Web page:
In Praise of Fine Sake [vol.12] – Hoka Junmai Genshu Nama-Ippon
Sake suffused with the vitality of its youthful brewers
Continuing on from last month we introduce Hoka, another label from the highly esteemed Toshimaya brewery. The main Toshimaya brand used to be Miwatari, but in recent years the brewery has introduced the limited release “Hoka” brand. Brewed with a youthful approach that combines a low-temperature fermentation method that draws out the flavor of the rice, and brewing techniques based on the brewer’s own original data, Hoka was an instant hit with younger drinkers and has since grown to rival Miwatari in popularity. Hoka’s plain label, devoid of excess ornamentation, illustrates Toshimaya’s unshakeable confidence in its product.
The brewery selected the Hoka Junmai Genshu Nama-Ippon from among several varieties. While pouring it I was overwhelmed by the almost voluptuous luster possessed by only the most carefully-made sakes, and a fragrant bouquet reminiscent of ripe fruit. Hoka is characterized by a fresh, dewy quality and resilience at any temperature. First to hit the palate is its sweetness, then just when you think this has been slowly overtaken by acidity, the baton passes to the final runner, dryness. Hoka may be a genshu variety (i.e. not diluted with water after brewing), but it lacks the alcoholic sharpness typical of genshu, instead having the translucent quality of a daiginjo-shu class brew. The generous flavor, long on economy, also fits flexibly with many types of food.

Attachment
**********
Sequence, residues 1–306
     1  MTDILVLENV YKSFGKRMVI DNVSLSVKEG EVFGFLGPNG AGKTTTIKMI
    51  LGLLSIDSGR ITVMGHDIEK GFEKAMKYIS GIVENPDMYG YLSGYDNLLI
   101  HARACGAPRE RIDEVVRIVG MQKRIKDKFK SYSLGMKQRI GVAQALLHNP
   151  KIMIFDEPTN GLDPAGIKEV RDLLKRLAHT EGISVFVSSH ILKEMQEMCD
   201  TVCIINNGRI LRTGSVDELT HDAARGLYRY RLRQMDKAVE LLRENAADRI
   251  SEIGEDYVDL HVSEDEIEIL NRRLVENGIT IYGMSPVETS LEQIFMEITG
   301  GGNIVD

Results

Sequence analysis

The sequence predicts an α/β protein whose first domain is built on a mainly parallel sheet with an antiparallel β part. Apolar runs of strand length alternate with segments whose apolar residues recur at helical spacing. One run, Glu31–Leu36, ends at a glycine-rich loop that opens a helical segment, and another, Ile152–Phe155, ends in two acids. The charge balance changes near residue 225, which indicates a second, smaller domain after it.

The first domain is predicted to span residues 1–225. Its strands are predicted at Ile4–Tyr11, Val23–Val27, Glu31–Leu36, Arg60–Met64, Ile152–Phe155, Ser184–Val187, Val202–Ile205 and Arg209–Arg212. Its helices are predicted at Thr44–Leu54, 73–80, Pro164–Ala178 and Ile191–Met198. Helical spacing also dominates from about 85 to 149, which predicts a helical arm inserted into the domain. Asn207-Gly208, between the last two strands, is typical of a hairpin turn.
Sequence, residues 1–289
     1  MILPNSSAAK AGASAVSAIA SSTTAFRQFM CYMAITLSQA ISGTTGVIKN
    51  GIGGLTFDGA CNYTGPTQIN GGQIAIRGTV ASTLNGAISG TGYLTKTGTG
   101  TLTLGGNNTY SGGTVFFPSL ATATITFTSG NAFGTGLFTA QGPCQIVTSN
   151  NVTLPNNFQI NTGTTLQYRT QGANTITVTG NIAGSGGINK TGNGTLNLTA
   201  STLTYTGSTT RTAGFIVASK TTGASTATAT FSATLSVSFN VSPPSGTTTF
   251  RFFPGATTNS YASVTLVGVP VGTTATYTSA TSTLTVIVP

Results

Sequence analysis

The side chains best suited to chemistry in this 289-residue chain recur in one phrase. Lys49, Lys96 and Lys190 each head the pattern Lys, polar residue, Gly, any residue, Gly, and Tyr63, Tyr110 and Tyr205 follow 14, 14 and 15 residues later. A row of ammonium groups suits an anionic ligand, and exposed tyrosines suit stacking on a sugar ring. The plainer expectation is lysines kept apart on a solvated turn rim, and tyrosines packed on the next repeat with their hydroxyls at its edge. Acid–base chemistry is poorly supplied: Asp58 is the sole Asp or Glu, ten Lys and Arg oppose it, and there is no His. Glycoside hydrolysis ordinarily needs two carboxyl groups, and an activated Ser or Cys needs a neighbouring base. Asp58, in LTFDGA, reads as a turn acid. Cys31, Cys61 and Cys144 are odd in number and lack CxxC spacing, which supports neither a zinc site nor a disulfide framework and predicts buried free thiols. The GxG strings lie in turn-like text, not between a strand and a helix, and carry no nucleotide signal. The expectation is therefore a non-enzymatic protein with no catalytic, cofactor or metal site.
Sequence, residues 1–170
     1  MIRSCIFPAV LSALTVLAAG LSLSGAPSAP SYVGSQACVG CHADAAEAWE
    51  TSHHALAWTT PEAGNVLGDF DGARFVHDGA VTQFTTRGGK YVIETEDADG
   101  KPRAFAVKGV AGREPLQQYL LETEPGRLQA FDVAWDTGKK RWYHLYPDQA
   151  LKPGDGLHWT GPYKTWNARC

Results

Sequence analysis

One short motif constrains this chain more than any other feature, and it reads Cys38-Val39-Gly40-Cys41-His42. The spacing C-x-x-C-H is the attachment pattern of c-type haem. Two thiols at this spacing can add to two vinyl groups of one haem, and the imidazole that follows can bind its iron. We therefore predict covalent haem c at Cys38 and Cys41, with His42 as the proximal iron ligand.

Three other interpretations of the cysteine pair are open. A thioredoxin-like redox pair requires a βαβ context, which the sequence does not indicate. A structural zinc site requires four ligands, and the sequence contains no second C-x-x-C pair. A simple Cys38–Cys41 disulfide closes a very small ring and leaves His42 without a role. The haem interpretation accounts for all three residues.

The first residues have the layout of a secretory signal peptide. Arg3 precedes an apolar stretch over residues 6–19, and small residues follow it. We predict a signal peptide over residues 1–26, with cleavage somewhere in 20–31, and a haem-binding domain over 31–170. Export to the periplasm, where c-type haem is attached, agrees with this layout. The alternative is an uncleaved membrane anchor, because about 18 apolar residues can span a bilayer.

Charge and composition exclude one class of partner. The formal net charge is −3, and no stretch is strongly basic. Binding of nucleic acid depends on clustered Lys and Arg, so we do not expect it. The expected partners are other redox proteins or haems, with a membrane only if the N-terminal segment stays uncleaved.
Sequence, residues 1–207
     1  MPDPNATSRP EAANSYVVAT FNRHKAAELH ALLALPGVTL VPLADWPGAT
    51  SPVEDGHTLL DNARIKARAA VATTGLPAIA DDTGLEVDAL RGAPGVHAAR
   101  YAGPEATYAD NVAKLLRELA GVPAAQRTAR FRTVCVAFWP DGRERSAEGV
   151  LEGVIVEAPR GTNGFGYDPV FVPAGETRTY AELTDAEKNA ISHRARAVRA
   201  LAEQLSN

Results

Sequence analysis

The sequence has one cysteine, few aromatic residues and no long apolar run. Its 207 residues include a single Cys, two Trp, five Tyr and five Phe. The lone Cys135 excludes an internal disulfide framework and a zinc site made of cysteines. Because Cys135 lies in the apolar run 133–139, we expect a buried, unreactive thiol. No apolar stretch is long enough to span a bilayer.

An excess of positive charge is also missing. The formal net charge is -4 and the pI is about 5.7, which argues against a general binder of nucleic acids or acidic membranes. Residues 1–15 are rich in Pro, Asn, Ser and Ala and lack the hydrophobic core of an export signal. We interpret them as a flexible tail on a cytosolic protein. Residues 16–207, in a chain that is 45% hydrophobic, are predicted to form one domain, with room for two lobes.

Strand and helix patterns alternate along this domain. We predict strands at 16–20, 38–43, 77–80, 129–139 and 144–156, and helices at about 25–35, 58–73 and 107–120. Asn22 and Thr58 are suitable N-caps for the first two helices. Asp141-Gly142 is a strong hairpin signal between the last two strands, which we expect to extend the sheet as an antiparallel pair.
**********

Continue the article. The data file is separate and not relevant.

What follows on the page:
One suggested match for Hoka’s fulsome fruitiness is a marinade of chopped apple and sea bream. The tartness and fruit flavors blend in the mouth, drawing out the potential of both to maximum effect. For something a little unusual, battered scallops with nozawana tartar sauce make a delicious alternative. Nozawana leaves, a specialty of the Nagano region where Hoka is brewed, are used instead of the usual pickles in a tartar sauce to accompany piping hot battered scallops. These tasty morsels will be quickly devoured while the glasses of sake wait their turn. A sake suffused with hot- blooded youthful enthusiasm is the perfect complement to any dish.
Taking advantage of current trends, Hoka’s advance through the sake market shows no signs of stalling as it transcends the “local sake” label to triumph on a much larger stage.
Hoka Junmai Genshu Nama-Ippon
● Alcohol content: 17%
● Seimaibuai (rice milling percentage): 70%
● Nihonshu-do (Sake Meter Value + dry, -sweet): +2
● Acidity: 1.7
● Rice: Yoneshiro, Shirakaba-nishiki (grown under contract)
● Volume: 720ml
● Price: 1,155 yen (tax inclusive)
Address: Hon-machi 3-9-1, Okaya-shi, Nagano
Text/ Kaori Haishi (sake sommelier) Photography/ Susumu Nagao